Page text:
When time passes, you expect change. But you don’t bargain for facts to change. Yet, weighing a new biography of Impressionist Camille Pissarro with one in 1980 change the picture.

Adam Gopnik, art critic for the New Yorker, sees the new bio – “Camille Pissarro: The Audacity of Impressionism” by French historian Anka Muhlstein – as a story of the painter’s progression “from mediocrity to magnificence.”

Required reading

Gopnik’s view would have you think that this Impressionist evolved over time from so-so to sensational. But based on the 1980 bio “Camille Pissarro: 1830-1903” by American art historian John Rewald, the artist developed self-doubts about Impressionism in the last 20 years of his life.

This is not some obscure factoid in an art history gathering dust in a college library somewhere. The NY Times called Rewald’s book “indispensable,” adding: “One way or another every scholar of late 19th century French art had to contend with his writing.”

Apparently not. If, as Gopnik says, Muhistein’s book shows Pissarro evolving from ordinary to extraordinary, then the biographer didn’t read Rewald.

And because Rewald is recognized as a specialist in Impressionism, you have to wonder how Muhistein could write a book about Impressionist without reading the “indispensable” Rewald?

Don’t art experts read art history anymore? Consider Gopnik writing this of Pissarro: “Whatever 'Impressionism' means is what he means, too.” Nope.

That’s not the way the artist spoke about himself or Impressionism in his weekly letters to his son Lucien (and cited by Rewald). Far from "father of Impressionism," Pissarro questioned the very merit of the art movement this way: “I am much disturbed by my unpolished and rough execution; I should like to develop a smoother technique which, while retaining the old fierceness, would be rid of these jarring notes which make it difficult to see my canvases clearly...”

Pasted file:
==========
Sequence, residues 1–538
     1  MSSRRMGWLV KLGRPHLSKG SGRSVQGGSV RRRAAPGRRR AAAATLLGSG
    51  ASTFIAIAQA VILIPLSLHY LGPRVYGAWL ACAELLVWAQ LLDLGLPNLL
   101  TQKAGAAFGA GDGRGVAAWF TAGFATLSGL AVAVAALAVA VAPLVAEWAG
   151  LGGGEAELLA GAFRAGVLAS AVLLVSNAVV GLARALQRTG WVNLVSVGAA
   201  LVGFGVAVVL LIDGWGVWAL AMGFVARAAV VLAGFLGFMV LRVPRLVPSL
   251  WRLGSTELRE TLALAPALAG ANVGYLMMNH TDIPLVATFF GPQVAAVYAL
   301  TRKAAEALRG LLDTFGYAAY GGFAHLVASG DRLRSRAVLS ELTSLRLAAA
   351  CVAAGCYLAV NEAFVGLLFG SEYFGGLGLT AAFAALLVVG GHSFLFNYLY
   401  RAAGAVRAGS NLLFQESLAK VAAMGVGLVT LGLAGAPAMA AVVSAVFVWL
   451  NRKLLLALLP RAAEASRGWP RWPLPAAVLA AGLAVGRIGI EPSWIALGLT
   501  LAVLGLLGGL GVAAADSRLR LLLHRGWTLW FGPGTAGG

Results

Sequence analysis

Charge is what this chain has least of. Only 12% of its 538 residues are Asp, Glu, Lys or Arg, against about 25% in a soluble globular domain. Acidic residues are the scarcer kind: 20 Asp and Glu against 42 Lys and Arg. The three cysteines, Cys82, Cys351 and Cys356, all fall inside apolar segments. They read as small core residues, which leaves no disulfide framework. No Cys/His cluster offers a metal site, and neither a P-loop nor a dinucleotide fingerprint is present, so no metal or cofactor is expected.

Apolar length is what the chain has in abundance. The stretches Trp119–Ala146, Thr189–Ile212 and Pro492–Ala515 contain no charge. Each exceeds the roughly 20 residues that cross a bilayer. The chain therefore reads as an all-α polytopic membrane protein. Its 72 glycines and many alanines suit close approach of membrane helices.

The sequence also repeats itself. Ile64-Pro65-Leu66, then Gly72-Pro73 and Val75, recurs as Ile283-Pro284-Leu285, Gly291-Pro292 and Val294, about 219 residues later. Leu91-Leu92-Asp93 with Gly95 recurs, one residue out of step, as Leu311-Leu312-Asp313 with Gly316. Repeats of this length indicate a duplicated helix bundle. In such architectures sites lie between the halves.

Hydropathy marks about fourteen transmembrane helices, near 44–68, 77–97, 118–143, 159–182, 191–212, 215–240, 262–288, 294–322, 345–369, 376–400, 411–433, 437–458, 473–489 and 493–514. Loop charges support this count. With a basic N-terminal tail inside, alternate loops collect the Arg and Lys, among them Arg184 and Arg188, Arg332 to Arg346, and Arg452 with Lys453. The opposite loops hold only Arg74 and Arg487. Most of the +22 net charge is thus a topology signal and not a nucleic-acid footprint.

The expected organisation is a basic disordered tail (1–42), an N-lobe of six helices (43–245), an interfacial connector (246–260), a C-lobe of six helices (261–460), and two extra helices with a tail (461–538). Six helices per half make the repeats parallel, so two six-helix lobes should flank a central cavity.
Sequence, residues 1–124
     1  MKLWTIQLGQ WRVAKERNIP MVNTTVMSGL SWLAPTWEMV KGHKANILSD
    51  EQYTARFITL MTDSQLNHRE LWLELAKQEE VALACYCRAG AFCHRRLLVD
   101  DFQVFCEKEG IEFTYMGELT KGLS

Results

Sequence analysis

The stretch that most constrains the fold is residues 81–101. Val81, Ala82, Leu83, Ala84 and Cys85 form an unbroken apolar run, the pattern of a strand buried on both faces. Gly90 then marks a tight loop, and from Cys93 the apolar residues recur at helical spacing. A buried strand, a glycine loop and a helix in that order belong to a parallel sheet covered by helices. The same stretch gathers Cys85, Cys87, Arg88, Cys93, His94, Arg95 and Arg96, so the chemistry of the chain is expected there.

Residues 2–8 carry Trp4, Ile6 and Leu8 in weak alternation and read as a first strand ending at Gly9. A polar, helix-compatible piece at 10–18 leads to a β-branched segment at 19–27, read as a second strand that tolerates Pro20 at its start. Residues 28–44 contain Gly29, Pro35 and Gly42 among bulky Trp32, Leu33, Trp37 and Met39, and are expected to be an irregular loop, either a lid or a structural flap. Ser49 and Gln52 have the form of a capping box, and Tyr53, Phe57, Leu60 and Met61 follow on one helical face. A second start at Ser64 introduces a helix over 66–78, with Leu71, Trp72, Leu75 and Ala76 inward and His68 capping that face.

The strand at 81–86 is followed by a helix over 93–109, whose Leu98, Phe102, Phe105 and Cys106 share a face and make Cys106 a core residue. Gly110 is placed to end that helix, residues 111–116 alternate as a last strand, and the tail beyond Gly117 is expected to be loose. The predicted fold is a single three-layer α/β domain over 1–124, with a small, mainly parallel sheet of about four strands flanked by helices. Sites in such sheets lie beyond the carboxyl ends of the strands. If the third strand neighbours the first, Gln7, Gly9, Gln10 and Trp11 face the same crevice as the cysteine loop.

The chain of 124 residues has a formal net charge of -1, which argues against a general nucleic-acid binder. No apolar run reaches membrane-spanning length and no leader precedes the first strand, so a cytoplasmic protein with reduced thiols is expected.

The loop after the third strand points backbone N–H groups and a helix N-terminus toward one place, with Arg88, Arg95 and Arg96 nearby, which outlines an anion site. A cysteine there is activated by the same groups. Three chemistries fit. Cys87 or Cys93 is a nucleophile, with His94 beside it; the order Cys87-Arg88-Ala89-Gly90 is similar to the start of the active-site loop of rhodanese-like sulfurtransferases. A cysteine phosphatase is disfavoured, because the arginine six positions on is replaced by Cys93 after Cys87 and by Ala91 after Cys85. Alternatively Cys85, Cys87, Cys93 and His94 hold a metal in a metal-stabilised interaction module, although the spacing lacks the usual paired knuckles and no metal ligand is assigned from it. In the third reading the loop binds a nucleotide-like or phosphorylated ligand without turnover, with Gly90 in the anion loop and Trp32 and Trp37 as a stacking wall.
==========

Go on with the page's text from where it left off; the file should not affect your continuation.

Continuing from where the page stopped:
Rewald wasn’t even the only source reporting Pissarro’s self-doubts.

In 1944, The Atlantic Magazine noted the posthumously published collection of letters to Lucien, written in the last twenty years of his life.

In the artist’s own words

As his letters indicate, Pissarro also worried about his son’s zeal for modernism (abstraction) and his disregard for naturalism. In one letter, he spoke of his passion for nature: “Decidedly, we no longer understand each other.

What you tell me about the modern movement, commercialism, etc. has no relation to our conception of art. According to you salvation lies with the primitives... According to me this is incorrect. Salvation lies in nature, now more than ever.”

So, art experts like Gopnik and Muhistein can talk all they want about Pissarro, but without a looksee at his letters, they’re missing who he really was.

But wait, here’s a reviewer of Muhistein’s bio who took the trouble to read Pissarro’s letters. Paul Walsh, writing for The Art Fuse, said of this new bio: “Its’ probably best read as a biography of a hard-working family man and not as a thorough assessment of Pissarro’s art.”

What he said.